President Barack ObamaBarack ObamaNew DNC chairman wastes no time going after Trump US weighs withdrawal from UN Human Rights Council: report GOP rep: We'd better have the votes to repeal and replace ObamaCare MORE will tell the families of 29 miners killed this month
that the task for those left behind is “to save lives from being lost in
another such tragedy.”
Obama is traveling to Beckley, W.Va. Sunday to deliver the eulogy at a memorial
service for the miners killed at the Upper Big Branch Mine earlier this month.
White House officials said the president would largely avoid placing blame or discussing policy changes, even as Capitol Hill prepares for hearings on changes to mine safety laws.
Obama has promised a wide-ranging investigation of the accident, and more broadly said the administration would work with Congress to boost enforcement of laws and reform them. Obama also has said the Labor Department would streamline rules that allow regulators to take action against mines with patterns of safety problems.
According to excerpts of his speech released by the White
House, the president will remember the victims as miners who worked a dangerous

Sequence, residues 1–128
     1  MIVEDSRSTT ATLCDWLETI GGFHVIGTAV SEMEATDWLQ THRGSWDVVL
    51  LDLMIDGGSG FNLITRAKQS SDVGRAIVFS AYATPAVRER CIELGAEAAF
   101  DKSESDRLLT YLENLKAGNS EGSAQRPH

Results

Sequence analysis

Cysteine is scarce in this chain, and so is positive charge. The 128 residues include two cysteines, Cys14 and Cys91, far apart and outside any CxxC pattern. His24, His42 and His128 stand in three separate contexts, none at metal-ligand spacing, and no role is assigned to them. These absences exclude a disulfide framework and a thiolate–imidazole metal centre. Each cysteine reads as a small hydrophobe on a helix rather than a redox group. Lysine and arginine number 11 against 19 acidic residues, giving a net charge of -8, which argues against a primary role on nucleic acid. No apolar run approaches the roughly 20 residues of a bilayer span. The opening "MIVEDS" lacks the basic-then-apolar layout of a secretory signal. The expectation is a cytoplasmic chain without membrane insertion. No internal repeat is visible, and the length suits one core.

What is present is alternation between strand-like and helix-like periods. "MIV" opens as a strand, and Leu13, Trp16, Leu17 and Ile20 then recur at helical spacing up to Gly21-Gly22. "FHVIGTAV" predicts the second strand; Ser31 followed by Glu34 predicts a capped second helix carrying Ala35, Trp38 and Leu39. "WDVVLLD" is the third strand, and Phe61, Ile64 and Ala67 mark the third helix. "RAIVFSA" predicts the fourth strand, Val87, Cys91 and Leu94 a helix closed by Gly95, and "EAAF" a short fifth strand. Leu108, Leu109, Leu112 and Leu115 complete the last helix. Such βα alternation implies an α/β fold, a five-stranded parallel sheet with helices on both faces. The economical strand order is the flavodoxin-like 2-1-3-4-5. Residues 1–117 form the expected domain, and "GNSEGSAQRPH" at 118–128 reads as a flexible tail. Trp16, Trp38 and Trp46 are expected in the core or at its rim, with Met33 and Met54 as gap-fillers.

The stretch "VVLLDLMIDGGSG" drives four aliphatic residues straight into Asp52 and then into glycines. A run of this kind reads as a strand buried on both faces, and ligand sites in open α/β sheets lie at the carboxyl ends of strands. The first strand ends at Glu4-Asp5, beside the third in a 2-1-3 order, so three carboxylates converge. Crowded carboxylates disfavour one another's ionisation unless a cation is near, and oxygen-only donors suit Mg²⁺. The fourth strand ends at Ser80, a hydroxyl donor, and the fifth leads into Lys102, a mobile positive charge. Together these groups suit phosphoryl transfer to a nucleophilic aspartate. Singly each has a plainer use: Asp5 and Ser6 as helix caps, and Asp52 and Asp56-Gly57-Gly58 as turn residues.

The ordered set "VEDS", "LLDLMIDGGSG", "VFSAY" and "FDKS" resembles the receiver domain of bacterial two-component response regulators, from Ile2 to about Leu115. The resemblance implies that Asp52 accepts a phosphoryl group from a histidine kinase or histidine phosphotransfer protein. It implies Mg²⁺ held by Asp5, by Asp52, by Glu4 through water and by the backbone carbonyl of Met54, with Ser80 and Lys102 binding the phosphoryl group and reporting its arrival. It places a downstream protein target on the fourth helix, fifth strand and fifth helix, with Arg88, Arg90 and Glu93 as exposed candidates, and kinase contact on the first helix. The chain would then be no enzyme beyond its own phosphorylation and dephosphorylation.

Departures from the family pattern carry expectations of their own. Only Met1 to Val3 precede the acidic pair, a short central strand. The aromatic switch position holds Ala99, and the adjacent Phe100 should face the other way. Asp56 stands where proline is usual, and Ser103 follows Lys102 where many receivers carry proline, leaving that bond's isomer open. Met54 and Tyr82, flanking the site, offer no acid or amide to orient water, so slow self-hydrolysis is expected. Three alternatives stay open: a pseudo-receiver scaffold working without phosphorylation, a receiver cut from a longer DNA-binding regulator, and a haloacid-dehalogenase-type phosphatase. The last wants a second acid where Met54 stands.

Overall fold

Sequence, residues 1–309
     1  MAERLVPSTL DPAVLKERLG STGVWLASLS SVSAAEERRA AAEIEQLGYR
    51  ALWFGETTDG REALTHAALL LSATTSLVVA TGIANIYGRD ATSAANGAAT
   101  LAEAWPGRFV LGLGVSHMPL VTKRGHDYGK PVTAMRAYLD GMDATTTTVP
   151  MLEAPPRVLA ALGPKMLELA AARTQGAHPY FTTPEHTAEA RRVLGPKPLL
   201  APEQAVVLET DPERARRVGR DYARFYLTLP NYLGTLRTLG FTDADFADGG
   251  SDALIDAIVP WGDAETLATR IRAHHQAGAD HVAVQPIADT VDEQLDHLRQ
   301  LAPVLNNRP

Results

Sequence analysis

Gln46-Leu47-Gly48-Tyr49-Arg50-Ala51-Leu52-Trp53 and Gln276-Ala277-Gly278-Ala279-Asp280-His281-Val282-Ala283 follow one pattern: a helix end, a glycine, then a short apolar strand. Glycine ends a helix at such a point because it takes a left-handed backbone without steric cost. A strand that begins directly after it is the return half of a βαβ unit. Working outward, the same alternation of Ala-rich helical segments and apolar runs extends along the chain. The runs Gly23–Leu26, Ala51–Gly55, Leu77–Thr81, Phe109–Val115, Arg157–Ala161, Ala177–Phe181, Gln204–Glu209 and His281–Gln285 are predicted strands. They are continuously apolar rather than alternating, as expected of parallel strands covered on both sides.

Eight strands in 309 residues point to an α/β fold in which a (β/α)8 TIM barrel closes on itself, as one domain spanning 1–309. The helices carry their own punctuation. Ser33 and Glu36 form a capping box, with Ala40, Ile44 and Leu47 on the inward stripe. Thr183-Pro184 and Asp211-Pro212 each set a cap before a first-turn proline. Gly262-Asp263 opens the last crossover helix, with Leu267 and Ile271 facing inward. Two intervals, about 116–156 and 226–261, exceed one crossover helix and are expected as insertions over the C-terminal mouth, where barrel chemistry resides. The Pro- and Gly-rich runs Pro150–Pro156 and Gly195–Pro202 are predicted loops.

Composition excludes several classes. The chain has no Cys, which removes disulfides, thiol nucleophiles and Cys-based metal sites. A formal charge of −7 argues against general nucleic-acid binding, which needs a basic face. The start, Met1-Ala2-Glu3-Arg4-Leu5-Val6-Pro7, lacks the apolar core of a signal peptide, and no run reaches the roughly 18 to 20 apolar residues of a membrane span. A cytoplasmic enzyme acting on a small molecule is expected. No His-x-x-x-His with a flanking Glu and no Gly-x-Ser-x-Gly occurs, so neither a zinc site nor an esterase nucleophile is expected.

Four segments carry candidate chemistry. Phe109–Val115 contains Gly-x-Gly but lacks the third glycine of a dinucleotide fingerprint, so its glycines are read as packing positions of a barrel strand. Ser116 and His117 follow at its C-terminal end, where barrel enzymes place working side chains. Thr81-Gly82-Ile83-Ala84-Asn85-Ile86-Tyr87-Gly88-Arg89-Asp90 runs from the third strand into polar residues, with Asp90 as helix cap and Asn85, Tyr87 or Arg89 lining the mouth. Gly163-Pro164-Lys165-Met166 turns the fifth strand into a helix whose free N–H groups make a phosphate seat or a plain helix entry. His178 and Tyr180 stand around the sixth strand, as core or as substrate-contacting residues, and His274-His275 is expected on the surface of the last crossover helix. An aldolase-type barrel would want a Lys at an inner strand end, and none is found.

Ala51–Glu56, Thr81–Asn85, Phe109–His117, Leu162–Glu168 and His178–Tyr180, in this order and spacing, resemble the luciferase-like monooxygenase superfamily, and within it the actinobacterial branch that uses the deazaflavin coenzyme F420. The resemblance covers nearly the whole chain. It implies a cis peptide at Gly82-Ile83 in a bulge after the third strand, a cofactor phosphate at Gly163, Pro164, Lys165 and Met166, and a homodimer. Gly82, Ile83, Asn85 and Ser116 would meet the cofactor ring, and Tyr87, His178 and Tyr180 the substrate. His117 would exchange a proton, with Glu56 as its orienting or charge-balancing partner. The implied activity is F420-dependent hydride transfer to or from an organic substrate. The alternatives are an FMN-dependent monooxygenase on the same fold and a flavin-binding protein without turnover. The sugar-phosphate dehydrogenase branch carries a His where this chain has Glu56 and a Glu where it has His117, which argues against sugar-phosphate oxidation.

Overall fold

job to provide for their families.
“All the hard work. All the hardship. All the time spent underground. It was all for their families,” Obama says. “For a car in the driveway. For a roof overhead. For a chance to give their kids opportunities they never knew; and enjoy retirement with their wives. It was all in the hopes of something better. These miners lived – as they died – in pursuit of the American dream.”
The president was set to speak Sunday, after traveling from a brief vacation in Asheville, N.C., of the many letters he has received from miners and the families of miners since the mine explosion.
"They ask me to keep our miners in my thoughts," Obama said. "Never forget, they say, miners keep America’s lights on. Then, they make a simple plea: don’t let this happen again."